Browsing the blog archivesfor the day Saturday, February 11th, 2017.

Is Anyone in Charge?

Trump Maladministration

Josh Marshall points out that Trump has, apparently, rolled on some issues.

Just in the last 24 hours he appears to have been rolled so many times that one imagines his rough edges might start to be worn down until he becomes something more like a clumpy and perhaps oblong ball.

Examples? One, he meekly agreed with Chinese President Xi Jinping that the United States would maintain the One China policy. The White House press release on this matter actually said, “The two leaders discussed numerous topics and President Trump agreed, at the request of President Xi, to honor our ‘one China’ policy.” Whether the SPOTUS understood what he agreed to, we can only guess.

Then this happened yesterday:

Then this afternoon EU foreign policy chief (in effect, the EU foreign minister) Federica Mogherini said that she had been assured in her meetings with top administration officials that the Trump administration intended to “stick to the full implementation of the [Iran nuclear] agreement.”

Of course, in this administration “top administration officials” are the equivalent of little boys who get sucked into grown-up meetings when they aren’t squirting glue into the White House light sockets or short sheeting the bed in the Lincoln bedroom.

But Trump on the campaign trail had promised over and over to undo the deal. It was the worst deal he ever saw. And if history is our guide, he may change his mind again. And a few more times.

In the past 24 hours or so, the White House has changed direction several times on the travel ban. Yesterday the Washington Post issued news alerts 30 minutes apart, one saying that Trump would not further appeal the restraining order, and the other saying he would. Both alerts were based on White House statements. A wag on twitter referred to “Schrodinger’s Executive Order: both being appealed and not being appealed.”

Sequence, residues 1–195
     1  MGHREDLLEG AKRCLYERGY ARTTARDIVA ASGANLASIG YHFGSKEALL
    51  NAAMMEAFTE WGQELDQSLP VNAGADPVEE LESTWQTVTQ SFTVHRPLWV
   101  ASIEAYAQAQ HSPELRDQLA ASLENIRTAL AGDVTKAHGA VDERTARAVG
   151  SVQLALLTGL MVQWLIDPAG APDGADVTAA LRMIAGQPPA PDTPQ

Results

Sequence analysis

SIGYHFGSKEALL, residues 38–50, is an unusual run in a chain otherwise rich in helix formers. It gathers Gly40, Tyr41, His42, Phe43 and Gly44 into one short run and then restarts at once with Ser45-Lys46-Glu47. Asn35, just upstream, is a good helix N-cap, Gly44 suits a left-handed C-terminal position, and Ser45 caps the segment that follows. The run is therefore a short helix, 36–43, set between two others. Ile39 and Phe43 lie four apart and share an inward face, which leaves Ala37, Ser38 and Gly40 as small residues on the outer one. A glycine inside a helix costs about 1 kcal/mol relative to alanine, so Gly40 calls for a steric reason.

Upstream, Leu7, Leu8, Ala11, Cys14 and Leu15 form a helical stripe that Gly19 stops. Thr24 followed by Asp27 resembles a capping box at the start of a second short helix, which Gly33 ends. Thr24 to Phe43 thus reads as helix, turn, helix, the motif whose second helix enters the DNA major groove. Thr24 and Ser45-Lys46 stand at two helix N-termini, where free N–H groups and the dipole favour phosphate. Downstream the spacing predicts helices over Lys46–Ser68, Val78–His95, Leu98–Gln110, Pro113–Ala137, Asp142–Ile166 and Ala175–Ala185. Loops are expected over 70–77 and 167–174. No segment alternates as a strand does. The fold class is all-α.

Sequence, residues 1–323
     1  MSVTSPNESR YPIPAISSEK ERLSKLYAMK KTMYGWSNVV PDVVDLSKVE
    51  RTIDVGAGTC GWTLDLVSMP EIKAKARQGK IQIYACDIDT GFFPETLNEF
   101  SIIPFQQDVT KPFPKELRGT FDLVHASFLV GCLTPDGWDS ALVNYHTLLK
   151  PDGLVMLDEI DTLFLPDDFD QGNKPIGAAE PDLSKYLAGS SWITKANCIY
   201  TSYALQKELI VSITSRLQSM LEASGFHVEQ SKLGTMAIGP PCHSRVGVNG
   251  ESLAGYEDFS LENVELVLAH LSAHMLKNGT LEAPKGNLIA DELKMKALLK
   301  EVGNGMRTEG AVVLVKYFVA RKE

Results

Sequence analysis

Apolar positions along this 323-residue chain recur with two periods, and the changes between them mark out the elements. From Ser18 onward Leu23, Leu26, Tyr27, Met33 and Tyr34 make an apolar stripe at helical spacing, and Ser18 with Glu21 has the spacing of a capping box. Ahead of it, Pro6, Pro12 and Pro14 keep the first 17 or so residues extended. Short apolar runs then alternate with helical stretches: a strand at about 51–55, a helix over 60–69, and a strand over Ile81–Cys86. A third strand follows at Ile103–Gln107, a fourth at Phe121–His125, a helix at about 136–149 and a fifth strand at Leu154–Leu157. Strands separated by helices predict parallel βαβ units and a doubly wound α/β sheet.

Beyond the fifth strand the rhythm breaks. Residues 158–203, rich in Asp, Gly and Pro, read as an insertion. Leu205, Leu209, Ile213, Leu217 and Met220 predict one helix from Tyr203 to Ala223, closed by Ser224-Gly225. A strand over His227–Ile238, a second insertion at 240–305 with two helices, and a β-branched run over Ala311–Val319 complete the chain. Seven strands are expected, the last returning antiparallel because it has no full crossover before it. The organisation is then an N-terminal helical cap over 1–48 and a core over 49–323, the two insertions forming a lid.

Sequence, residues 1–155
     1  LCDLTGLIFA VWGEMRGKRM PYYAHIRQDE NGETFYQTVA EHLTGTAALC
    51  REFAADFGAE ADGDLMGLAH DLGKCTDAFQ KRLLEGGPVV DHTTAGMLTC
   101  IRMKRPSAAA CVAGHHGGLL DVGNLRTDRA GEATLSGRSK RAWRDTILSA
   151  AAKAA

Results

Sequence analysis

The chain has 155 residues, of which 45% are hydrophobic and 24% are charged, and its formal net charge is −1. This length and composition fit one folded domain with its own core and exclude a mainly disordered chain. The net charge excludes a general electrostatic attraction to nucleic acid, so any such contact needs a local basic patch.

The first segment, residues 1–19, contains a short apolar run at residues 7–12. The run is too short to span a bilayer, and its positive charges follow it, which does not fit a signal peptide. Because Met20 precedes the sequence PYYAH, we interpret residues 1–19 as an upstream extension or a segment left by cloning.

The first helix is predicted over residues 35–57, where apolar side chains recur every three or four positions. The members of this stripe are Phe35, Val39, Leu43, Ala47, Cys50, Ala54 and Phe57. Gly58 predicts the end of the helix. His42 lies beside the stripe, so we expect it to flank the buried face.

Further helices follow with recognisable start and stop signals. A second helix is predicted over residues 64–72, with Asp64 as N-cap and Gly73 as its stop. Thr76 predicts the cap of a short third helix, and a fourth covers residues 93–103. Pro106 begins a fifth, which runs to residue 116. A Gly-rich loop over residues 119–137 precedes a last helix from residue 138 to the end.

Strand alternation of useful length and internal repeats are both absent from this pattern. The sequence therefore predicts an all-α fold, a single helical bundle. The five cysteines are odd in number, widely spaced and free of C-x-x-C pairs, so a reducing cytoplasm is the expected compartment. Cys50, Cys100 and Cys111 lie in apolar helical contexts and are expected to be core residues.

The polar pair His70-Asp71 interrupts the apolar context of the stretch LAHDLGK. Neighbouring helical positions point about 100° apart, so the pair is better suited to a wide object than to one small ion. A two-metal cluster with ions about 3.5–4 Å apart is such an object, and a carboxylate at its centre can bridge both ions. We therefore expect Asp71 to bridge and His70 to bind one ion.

More recently, Trump himself announced he would issue a new, revised travel ban next week. Probably. But all options are still on the table. And, of course, this morning he tweeted that “Our legal system is broken!”

Can we say Trump is flailing? I think so.

Trump also is still obsessing over losing the popular vote. Just two days ago he started ranting about it again in a closed door lunch with ten senators, Politico reports.

On Thursday, during a meeting with 10 senators that was billed as a listening session about Supreme Court nominee Neil Gorsuch, the president went off on a familiar tangent, suggesting again that he was a victim of widespread voter fraud, despite the fact that he won the presidential election.

As soon as the door closed and the reporters allowed to observe for a few minutes had been ushered out, Trump began to talk about the election, participants said, triggered by the presence of former New Hampshire Sen. Kelly Ayotte, who lost her reelection bid in November and is now working for Trump as a Capitol Hill liaison, or “Sherpa,” on the Supreme Court nomination of Judge Neil Gorsuch.

The president claimed that he and Ayotte both would have been victorious in the Granite State if not for the “thousands” of people who were “brought in on buses” from neighboring Massachusetts to “illegally” vote in New Hampshire.

According to one participant who described the meeting, “an uncomfortable silence” momentarily overtook the room.

Friday, FEC Commissioner Ellen L. Weintraub asked Trump to cough up his evidence.

“The scheme the President of the United States alleges would constitute thousands of felony criminal offences under New Hampshire law,” FEC Commissioner Ellen Weintraub said in a statement. (

And so on.

As we say in the Ozarks, the boy ain’t right. So the question is, how long before he completely melts down?

The capitulations on China and Iran — which I hope stand — suggest to me that Trump is becoming increasingly mentally confused, or else he’s just exhausted. Becoming POTUS must be like walking into a buzzsaw, and if one is mentally and emotionally wobbly to begin with, one is likely to fly to pieces.

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